- an Amerindian language native to South America and related to
Aymará, both members of the Quechumaran linguistic stock.
- It was the official language of the Tawantinsuyu (Inca Empire),
and today is spoken in various dialects by some 8 to 13 million people
throughout South America. The language's dominion spans the entire
South American continent starting as far north as southern Colombia
and Ecuador, Peru and Bolivia, and northwestern Argentina and northern
Chile. The dialect as it is spoken in Colombia and Ecuador is known as
Quichua (Quichua, Runa Shimi), and because of its frequent
unintelligibility with the main branch of the language, it borders on
being classed as separate. Despite this, all dialects are nonetheless
considered a single tongue, consequently making it the most widely
spoken of all Amerindian languages in the Americas.
- The language was extended beyond the limits of the empire by the
Catholic Church, which chose it to preach to Indians in the Andes
area. It has, along with Spanish and Aymará, the status of an official
language in both Peru and Bolivia. Before the arrival of the Spaniards
and the Spanish language, Quechua had no written alphabet, instead, it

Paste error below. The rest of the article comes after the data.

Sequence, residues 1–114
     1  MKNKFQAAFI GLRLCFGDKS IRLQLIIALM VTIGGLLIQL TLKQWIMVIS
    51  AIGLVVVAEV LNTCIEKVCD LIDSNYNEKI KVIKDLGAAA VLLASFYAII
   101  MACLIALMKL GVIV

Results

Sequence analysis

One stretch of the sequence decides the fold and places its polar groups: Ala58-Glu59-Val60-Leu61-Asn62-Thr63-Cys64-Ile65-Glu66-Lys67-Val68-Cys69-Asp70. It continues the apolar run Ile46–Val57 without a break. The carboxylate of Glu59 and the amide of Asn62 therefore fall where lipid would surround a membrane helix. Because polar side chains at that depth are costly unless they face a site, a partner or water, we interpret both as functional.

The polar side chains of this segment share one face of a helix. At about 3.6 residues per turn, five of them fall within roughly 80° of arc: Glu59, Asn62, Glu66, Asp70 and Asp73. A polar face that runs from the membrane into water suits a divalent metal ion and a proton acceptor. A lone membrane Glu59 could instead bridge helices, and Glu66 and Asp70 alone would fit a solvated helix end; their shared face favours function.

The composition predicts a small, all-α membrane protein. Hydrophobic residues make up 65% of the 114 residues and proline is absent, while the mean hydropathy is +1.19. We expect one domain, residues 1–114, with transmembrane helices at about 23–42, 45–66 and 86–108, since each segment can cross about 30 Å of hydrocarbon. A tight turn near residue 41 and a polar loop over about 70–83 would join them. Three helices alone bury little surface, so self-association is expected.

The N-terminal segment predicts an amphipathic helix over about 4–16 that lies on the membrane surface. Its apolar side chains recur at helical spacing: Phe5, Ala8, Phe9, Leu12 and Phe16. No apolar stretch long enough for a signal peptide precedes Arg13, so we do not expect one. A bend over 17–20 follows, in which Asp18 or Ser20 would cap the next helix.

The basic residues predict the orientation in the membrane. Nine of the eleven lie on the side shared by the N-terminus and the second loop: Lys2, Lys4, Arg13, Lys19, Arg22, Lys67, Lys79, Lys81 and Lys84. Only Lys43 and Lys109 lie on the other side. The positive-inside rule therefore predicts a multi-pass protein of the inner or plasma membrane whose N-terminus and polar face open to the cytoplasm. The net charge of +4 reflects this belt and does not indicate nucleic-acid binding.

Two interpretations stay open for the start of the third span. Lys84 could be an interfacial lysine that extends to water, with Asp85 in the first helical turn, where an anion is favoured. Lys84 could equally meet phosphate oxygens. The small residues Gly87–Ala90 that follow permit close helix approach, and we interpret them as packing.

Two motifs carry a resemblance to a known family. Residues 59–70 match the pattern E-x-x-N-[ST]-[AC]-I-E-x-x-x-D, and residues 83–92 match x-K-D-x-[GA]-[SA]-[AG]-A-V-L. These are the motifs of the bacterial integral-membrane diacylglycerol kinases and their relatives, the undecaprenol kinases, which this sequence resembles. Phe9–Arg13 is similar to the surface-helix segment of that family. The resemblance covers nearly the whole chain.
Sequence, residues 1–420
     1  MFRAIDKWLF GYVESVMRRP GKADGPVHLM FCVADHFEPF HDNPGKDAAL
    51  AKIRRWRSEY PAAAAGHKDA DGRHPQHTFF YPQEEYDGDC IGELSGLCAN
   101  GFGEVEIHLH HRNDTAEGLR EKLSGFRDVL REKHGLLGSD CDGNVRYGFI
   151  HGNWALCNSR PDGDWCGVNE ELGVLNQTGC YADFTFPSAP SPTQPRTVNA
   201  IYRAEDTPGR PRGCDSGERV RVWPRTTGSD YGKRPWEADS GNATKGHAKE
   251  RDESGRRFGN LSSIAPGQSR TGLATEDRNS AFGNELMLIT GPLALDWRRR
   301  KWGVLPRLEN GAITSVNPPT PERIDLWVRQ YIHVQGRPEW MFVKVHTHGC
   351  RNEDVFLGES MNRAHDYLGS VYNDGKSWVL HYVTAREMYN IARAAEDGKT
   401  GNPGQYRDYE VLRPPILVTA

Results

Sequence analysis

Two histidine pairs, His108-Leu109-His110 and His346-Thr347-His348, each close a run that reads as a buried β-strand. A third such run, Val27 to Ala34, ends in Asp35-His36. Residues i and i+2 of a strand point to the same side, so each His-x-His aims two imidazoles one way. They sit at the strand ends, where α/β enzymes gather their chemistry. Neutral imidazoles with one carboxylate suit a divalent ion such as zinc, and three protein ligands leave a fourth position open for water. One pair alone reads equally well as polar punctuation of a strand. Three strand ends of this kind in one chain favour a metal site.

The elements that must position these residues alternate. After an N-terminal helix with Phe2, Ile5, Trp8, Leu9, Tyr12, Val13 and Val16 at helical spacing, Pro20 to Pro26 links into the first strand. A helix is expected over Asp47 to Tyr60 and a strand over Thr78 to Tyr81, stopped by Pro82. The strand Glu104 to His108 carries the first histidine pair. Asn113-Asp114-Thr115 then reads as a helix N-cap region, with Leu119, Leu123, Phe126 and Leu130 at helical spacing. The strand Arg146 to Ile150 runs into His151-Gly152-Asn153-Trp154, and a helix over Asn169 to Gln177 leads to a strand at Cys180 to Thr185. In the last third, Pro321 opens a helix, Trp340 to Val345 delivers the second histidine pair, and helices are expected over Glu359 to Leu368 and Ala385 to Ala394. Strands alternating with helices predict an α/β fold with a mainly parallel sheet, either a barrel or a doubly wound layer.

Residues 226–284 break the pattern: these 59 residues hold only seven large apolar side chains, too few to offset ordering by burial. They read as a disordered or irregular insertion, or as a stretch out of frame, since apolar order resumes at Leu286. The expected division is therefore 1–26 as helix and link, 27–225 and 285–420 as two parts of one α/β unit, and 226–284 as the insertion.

had a system of accountance with khipu-strings.
- Quechua is a very regular language, but a large number of infixes
and suffixes change both the overall significance of words and their
subtle shades of meaning, allowing great expressiveness. It includes
grammatical features such as bipersonal conjugation and conjugation
dependent on mental state and veracity of knowledge, spatial and
temporal relationships, and many cultural factors. Later the Spanish
impact resulted in the Spanish turning the Quechua language into
script by method of translation.
- A number of Quechua loanwords have entered English via Spanish,
including coca, condor, guano, gaucho, jerky, inca, llama, pampa,
potato (from papa via patata), puma, quinoa, and vicuña . The word
lagniappe comes from the Quechua word nyap ("something extra") with
the article la in front of it, la ñapa, in Spanish.
- Quechua has only three vowels: /i/, /a/, and /u/, similar to